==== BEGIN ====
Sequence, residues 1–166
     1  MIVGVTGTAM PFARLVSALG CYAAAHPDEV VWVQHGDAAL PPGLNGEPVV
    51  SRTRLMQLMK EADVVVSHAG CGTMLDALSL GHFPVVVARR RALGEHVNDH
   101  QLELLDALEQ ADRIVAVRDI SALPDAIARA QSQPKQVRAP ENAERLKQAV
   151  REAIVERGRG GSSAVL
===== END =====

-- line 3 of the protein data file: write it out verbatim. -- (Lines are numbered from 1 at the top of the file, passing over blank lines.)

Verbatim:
    51  SRTRLMQLMK EADVVVSHAG CGTMLDALSL GHFPVVVARR RALGEHVNDH